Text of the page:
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Reflective Learning with E-Portfolios Mini-Institute
Reflective Learning with E-Portfolios Mini-Institute
Reflective Learning with E-Portfolios Mini-Institute
Reflective Learning with E-Portfolios Mini-Institute
Reflective Learning with E-Portfolios Mini-Institute
Reflective Learning with E-Portfolios Mini-Institute
Reflective Learning with E-Portfolios Mini-Institute
Reflective Learning with E-Portfolios Mini-Institute
Reflective Learning with E-Portfolios Mini-Institute
Reflective Learning with E-Portfolios Mini-Institute
Reflective Learning with E-Portfolios Mini-Institute
Reflective Learning with E-Portfolios Mini-Institute
Reflective Learning with E-Portfolios Mini-Institute
Reflective Learning with E-Portfolios Mini-Institute
Reflective Learning with E-Portfolios Mini-Institute
Reflective Learning with E-Portfolios Mini-Institute
Reflective Learning with E-Portfolios Mini-Institute
Reflective Learning with E-Portfolios Mini-Institute
Reflective Learning with E-Portfolios Mini-Institute
Reflective Learning with E-Portfolios Mini-Institute
Reflective Learning with E-Portfolios Mini-Institute
Reflective Learning with E-Portfolios Mini-Institute
Reflective Learning with E-Portfolios Mini-Institute
Reflective Learning with E-Portfolios Mini-Institute
Reflective Learning with E-Portfolios Mini-Institute
Reflective Learning with E-Portfolios Mini-Institute
Reflective Learning with E-Portfolios Mini-Institute
Reflective Learning with E-Portfolios Mini-Institute
Reflective Learning with E-Portfolios Mini-Institute
Reflective Learning with E-Portfolios Mini-Institute
Reflective Learning with E-Portfolios Mini-Institute
Reflective Learning with E-Portfolios Mini-Institute
Reflective Learning with E-Portfolios Mini-Institute
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Reflective Learning with E-Portfolios Mini-Institute

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Slides from a workshop at the International Conference on Assessment and Retention, Scottsdale, AZ, June 14, 2008.

Slides from a workshop at the International Conference on Assessment and Retention, Scottsdale, AZ, June 14, 2008.

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    • 1. ePortfolios for Reflection Mini-Institute Darren Cambridge International Conference on Assessment and Retention Scottsdale, AZ June 14, 2008
    • 2. Overview <ul><li>Models from the Inter/National Coalition for Electronic Portfolio Research </li></ul><ul><li>Heuristics </li></ul><ul><ul><li>Metaphors </li></ul></ul><ul><ul><li>Theories and sites of reflection </li></ul></ul><ul><ul><li>Styles of integrative learning </li></ul></ul><ul><ul><li>Cultural ideals for lifelong learning </li></ul></ul>
    • 3. Weber State General Education Portfolio <ul><li>A “bolt-on” institutional assessment of a selection of students </li></ul><ul><li>Artifacts matched to outcomes and reflection on the match </li></ul><ul><li>Verified through faculty/staff evaluation </li></ul>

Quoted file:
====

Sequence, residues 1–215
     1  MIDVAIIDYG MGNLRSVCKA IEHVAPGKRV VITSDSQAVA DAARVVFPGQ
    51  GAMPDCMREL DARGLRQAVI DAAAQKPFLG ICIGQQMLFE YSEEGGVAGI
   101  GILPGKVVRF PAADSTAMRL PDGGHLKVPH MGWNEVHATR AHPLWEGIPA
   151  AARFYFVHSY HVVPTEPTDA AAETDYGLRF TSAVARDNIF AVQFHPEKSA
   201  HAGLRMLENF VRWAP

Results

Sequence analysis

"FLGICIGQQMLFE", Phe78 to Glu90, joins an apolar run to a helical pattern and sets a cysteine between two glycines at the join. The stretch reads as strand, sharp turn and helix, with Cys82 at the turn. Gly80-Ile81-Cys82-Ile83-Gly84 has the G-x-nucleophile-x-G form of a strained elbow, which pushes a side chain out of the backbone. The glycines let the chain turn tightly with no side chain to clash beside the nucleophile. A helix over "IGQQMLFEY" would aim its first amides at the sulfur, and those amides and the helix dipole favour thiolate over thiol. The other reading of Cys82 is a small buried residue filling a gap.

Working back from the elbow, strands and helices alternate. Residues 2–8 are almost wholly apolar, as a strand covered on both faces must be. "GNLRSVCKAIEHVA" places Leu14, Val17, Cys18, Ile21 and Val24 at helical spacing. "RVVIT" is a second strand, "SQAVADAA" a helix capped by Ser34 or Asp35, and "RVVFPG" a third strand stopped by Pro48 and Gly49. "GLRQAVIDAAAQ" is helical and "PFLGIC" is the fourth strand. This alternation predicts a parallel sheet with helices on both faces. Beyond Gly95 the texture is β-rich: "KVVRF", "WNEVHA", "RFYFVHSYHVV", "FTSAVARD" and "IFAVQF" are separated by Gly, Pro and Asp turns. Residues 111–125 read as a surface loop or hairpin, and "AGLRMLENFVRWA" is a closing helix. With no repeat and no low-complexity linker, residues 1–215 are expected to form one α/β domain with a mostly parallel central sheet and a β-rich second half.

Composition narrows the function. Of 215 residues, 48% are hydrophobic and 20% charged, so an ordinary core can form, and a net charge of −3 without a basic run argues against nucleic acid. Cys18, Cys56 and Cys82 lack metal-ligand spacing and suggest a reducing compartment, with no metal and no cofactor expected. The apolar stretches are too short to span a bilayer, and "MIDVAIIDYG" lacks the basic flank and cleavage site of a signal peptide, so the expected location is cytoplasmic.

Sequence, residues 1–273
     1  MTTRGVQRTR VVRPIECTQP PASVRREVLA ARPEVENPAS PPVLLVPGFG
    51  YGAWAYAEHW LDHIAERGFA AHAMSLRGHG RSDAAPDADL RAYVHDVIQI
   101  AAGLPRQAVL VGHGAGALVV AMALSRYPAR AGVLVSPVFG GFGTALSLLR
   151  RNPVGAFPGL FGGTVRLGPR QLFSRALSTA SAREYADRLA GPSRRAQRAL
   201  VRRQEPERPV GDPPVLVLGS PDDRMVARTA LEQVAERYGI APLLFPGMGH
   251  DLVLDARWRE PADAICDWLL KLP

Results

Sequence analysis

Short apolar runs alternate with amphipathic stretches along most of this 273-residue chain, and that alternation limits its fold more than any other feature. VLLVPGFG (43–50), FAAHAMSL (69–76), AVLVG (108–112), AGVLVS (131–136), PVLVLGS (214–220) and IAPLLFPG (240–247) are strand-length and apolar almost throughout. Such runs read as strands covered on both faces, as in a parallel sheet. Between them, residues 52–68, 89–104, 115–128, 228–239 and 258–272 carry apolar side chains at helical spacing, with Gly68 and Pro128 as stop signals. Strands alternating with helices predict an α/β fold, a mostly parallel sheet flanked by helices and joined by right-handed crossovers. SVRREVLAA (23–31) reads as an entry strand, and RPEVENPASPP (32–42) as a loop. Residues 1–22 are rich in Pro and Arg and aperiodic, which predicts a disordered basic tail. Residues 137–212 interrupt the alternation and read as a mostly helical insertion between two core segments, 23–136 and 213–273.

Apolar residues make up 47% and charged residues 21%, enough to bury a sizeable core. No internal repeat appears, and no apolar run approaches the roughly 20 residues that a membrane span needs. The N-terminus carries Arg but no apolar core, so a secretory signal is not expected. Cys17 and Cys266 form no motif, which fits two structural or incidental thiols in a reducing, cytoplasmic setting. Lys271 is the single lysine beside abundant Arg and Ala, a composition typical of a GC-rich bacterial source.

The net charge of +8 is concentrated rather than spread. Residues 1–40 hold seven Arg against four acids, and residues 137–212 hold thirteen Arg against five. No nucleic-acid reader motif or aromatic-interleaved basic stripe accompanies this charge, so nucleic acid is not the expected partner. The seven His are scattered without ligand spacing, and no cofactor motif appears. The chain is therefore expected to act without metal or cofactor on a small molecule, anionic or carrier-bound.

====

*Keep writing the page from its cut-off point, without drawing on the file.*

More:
• 4. &nbsp;
    • 5. Learning Record Online <ul><li>Five dimensions of learning and course goals </li></ul><ul><li>Observations and samples of work throughout semester </li></ul><ul><li>Interpretation and grade recommendations at middle and end </li></ul><ul><li>Midterm moderations </li></ul>
    • 6. &nbsp;
    • 7. George Mason Graduation Portfolio <ul><li>Competencies as a context for expressivity and community deliberation </li></ul><ul><li>Several reflective essays linked to student-chosen artifacts </li></ul><ul><li>Curricular, co-curricular, and informal evidence </li></ul><ul><li>Built with common tools </li></ul>
    • 8. Stanford Learning Careers
    • 9. George Mason Leadership Portfolio <ul><li>Semester-long, co-curricular portfolio keeping experience </li></ul><ul><li>Three face-to-face, day-long meetings </li></ul><ul><li>Faculty, staff, and peer mentors </li></ul><ul><li>Students who self-identify as leaders and students who don’t, first-year to graduate student </li></ul><ul><li>Sequenced use Open Source Portfolio tools </li></ul>
    • 10. Beginning of Semester <ul><li>Expanding thinking about evidence </li></ul><ul><li>Reflective writing in response to chosen prompts </li></ul><ul><li>Organized around categories for social change model of leadership </li></ul><ul><li>Hierarchical matrix </li></ul>
    • 11. Mid-semester <ul><li>Reconceptualizing as leadership </li></ul><ul><li>Organizing evidence and reflections in relationship to shared conceptual framework </li></ul><ul><ul><li>Matrix Thinking </li></ul></ul><ul><li>Matrix </li></ul>
    • 12. End of Semester <ul><li>Presentation portfolio for an audience of their choice </li></ul><ul><li>Identity, relationships, community, future directions </li></ul><ul><li>Portfolio using template </li></ul>
    • 13. Kapi’olani Hawaiian Values Portfolio <ul><li>Organized around six native Hawaiian values and four stages of the journey of a canoe </li></ul><ul><li>Bridging home and academic cultures </li></ul><ul><li>Matrix thinking </li></ul>
    • 14. Kapi’olani Research Results <ul><li>Significant positive difference between ePortfolio students and college and national benchmarks for </li></ul><ul><ul><li>Student engagement </li></ul></ul><ul><ul><ul><li>Six of twelve CCSSE questions </li></ul></ul></ul><ul><ul><li>Learning strategies </li></ul></ul><ul><ul><ul><li>Eight of ten Learning Strategies and Study Skills (LASSI) categories </li></ul></ul></ul>
    • 15. LaGuardia ePortfolio <ul><li>Recent immigrants and first-generation college students </li></ul><ul><li>Bridging home and disciplinary culture </li></ul><ul><li>Impact on retention, student engagement, pass rates </li></ul><ul><li>Portfolio studios </li></ul><ul><li>Visual design and iteration </li></ul>
    • 16. LaGuardia CCSSE Results How much has your coursework emphasized synthesizing &amp; organizing ideas, information, or experiences in new ways? 1 = Very Little, 2 = Some, 3= Quite a Bit, 4 = Very Much
    • 17. LaGuardia ePortfolio &amp; Retention
    • 18. QUT ePortfolio <ul><li>Managed by Employment Service </li></ul><ul><li>Twelve university-wide “faculties” mapped to </li></ul><ul><ul><li>Languages of disciplines and unites </li></ul></ul><ul><ul><li>Languages of employers </li></ul></ul><ul><li>Short stories with evidence </li></ul><ul><li>Part of administrative portal </li></ul>
    • 19. <ul><li>Used by 60,000 residents </li></ul><ul><li>Most active users demographically representative </li></ul><ul><li>Use across roles suggests intrinsic motivation and lifelong learning </li></ul><ul><li>Integration of different life roles in single representation with user control over contents and visual design key success factor </li></ul>